...(1)
Where r_{e} is the radius of the earth.
Similarly, time period T_{m} of moon around earth is given by
...(2)
Dividing equation(1) by equation (2), we get
or ...(3)
Substituting the given values, we get
Ex.23 A satellite revolves around a planet in an elliptical orbit. Its maximum and minimum distances from the planet are 1.5 × 10^{7} m and 0.5 × 10^{7} m respectively. If the speed of the satellite at the farthest point be 5 × 10^{3} m/s, calculate the speed at the nearest point.
Sol.
In case of elliptical orbit, the speed of satellite varies constantly as shown in figure. Thus according to the law of conservation of angular momentum, the satellite must move faster at a point of closest approach (Perigee) than at a farthest point (Appogee).
We know that
Hence, at the two points, L = m v_{1} r_{1} = m v_{2} r_{2}
or
Substituting the given values, we get
⇒ v_{2} = 1.5 × 10^{4} m/s
Ex.24 Imagine a light planet revolving around a very massive star in a circular orbit of radius r with a period of revolution T. On what power of r, will the square of time period depend if the gravitational force of attraction between the planet and the star is proportional to r^{5/2}.
Sol. As gravitation provides centripetal force
, i.e.,
So that T = or so T^{2} µ r^{7/2}
Ex.25 A satellite is revolving round the earth in a circular orbit of radius a with velocity v_{0}. A particle is projected from the satellite in forward direction with relative velocity . Calculate, during subsequent motion of the particle its minimum and maximum distances from earth's centre.
The corresponding situation is shown in figure.
Initial velocity of satellite
When particle is thrown with the velocity v relative to satellite, the resultant velocity of particle will become
v_{R} = v_{0}+v
=
As the particle velocity is greater than the velocity required for circular orbit, hence the particle path deviates from circular path to elliptical path. At position of minimum and maximum distance velocity vectors are perpendicular to instantaneous radius vector. In this elliptical path the minimum distance of particle from earth's centre is a and maximum speed in the path is v_{R} and let the maximum distance and minimum speed in the path is r and v_{1} respectively.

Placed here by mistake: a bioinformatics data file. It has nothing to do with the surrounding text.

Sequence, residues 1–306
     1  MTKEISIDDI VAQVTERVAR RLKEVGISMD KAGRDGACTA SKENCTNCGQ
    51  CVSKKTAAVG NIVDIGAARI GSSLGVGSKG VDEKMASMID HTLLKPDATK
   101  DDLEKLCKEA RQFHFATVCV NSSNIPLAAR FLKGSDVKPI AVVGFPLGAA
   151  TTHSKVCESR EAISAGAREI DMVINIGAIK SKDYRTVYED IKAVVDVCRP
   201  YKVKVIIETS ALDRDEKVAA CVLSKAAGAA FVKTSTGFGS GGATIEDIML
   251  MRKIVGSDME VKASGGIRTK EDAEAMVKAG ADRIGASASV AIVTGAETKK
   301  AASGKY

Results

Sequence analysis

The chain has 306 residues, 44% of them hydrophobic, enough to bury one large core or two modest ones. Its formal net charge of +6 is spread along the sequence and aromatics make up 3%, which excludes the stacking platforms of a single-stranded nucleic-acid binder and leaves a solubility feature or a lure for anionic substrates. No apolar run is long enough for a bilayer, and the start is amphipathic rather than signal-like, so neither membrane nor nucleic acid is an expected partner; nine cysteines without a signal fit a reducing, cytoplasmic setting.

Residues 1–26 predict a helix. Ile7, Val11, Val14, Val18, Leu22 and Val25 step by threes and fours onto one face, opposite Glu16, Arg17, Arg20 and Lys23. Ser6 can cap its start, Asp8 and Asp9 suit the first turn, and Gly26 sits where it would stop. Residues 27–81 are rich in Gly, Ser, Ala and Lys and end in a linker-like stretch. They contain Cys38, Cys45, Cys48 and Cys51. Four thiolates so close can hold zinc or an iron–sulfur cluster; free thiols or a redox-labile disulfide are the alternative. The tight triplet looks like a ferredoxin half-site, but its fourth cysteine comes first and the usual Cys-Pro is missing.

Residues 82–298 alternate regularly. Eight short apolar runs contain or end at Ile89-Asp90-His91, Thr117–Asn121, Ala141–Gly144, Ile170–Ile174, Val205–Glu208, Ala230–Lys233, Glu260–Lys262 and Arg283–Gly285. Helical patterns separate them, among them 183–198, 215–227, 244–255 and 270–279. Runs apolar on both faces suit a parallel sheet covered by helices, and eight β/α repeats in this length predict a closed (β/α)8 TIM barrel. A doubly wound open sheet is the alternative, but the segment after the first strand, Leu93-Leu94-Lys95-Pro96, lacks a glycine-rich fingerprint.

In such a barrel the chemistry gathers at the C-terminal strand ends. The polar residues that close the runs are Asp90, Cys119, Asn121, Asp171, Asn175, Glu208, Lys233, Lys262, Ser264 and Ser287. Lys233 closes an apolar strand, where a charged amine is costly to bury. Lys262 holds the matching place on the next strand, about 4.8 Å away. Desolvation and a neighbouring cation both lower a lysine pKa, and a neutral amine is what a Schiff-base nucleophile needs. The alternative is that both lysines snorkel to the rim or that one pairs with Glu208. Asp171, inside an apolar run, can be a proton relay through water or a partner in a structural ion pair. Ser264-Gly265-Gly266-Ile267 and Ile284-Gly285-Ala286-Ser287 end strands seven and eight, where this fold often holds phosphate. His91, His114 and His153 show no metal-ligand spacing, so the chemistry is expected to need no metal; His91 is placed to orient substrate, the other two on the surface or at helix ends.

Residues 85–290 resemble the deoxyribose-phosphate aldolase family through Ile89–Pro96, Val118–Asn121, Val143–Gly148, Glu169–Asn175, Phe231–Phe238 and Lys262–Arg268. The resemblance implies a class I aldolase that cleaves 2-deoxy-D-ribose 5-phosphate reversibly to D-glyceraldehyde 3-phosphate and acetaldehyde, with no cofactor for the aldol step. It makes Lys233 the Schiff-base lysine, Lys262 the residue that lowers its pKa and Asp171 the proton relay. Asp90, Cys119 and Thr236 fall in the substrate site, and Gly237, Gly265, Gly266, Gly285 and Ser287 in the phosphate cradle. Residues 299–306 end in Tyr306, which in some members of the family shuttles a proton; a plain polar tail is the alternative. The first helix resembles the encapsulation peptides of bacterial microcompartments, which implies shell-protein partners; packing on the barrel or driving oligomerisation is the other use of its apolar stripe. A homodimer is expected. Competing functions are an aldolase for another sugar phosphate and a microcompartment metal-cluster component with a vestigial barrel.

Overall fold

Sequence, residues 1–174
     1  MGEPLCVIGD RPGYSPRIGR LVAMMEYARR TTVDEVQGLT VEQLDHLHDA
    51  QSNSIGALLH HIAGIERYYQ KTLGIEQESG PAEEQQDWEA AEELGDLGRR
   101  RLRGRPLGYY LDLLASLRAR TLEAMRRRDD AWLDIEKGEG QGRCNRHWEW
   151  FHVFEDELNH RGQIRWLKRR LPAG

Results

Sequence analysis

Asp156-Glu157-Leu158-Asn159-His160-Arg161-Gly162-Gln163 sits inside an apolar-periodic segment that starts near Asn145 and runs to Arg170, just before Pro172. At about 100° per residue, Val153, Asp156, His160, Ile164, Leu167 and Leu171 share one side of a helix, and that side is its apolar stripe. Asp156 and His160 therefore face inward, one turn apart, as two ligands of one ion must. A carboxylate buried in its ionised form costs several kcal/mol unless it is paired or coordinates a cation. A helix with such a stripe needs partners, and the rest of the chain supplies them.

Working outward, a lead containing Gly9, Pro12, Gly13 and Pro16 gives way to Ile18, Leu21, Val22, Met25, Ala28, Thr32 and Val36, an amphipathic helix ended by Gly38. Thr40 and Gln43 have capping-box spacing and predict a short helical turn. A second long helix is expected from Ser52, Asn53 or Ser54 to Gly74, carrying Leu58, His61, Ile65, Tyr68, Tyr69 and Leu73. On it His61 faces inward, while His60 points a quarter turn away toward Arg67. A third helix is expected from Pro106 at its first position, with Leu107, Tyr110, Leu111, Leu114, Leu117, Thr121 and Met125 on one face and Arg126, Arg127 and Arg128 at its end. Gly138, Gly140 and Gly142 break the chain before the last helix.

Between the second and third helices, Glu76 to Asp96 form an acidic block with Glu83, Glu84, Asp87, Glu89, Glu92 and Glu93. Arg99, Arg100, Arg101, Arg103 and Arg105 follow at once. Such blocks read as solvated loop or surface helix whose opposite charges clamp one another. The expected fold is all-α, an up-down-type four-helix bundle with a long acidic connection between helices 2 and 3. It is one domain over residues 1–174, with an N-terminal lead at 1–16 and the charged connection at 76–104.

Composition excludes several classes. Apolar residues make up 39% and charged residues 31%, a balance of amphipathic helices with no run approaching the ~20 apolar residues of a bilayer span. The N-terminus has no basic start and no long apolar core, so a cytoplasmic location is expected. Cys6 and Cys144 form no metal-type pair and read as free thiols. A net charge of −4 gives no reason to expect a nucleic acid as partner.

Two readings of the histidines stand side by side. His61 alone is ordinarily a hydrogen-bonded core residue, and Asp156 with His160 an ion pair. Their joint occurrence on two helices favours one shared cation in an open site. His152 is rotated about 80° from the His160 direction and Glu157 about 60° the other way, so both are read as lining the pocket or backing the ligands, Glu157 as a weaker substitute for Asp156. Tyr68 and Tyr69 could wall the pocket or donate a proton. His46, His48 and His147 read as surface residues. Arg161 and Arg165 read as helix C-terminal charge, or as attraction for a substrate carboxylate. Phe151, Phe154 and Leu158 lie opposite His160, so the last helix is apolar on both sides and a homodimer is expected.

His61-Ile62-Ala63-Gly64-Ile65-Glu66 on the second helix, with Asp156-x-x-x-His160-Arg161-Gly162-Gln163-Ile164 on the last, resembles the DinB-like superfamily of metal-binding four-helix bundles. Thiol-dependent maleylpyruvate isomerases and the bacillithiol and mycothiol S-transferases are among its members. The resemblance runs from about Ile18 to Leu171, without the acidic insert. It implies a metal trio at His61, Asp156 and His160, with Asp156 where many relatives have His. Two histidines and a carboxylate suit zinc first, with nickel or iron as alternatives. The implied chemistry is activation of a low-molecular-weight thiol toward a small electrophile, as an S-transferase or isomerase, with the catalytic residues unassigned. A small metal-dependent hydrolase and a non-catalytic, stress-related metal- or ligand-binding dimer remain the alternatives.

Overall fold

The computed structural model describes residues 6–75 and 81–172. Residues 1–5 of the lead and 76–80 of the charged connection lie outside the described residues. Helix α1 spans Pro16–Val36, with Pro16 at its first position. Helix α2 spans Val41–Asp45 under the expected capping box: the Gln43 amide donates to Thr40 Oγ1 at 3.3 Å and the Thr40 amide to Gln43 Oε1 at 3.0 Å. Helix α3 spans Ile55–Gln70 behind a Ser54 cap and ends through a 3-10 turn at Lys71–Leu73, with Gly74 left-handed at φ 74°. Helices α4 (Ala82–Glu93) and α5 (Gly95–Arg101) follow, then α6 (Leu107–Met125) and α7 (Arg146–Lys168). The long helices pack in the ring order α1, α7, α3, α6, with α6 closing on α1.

Now as angular momentum and total energy remain conserved. Applying the law of conservation of angular momentum, we have
m v_{1 }r = m(v_{0} + v) a [m = mass of particle]
or =
Applying the law of conservation of energy
or
or 3r^{2}  8 ar + 5 a^{2} = 0 or r = a or
Thus minimum distance of the particle = a
And maximum distance of the particle =
Ex.26 A sky lab of mass 2 × 10^{3} kg is first launched from the surface of earth in a circular orbit of radius 2 R (from the centre of earth) and then it is shifted from this circular orbit to another circular orbit of radius 3 R. Calculate the minimum energy required (a) to place the lab in the first orbit (b) to shift the lab from first orbit to the second orbit. Given, R = 6400 km and g = 10 m/s^{2}.
Sol. (a) The energy of the sky lab on the surface of earth
E_{S} = KE + PE = 0 + =
And the total energy of the sky lab in an orbit of radius 2 R is
So the energy required to placed the lab from the surface of earth to the orbit of radius 2R is given as
E_{1}  E_{s} =
or
or DE = (2 × 10^{3} × 10 × 6.4 × 10^{6}) = (12.8 × 10^{10}) = 9.6 × 10^{10} J
(b) As for II orbit of radius 3R the total energy of sky lab is
or E_{2}  E_{1} =
or DE = = = 1.1 × 10^{10} J
Ex.27 A satellite is revolving around a planet of mass M in an elliptic orbit of semimajor axis a. Show that the orbital speed of the satellite when it is at a distance r from the focus will be given by :
Sol. As in case of elliptic orbit with semi major axes a, of a satellite total mechanical energy remains constant, at any position of satellite in the orbit, given as
or KE PE = ...(1)
Now, if at position r, v is the orbital speed of satellite, we have
KE = and PE = ...(2)
So from equation (1) and (2), we have
= , i.e.,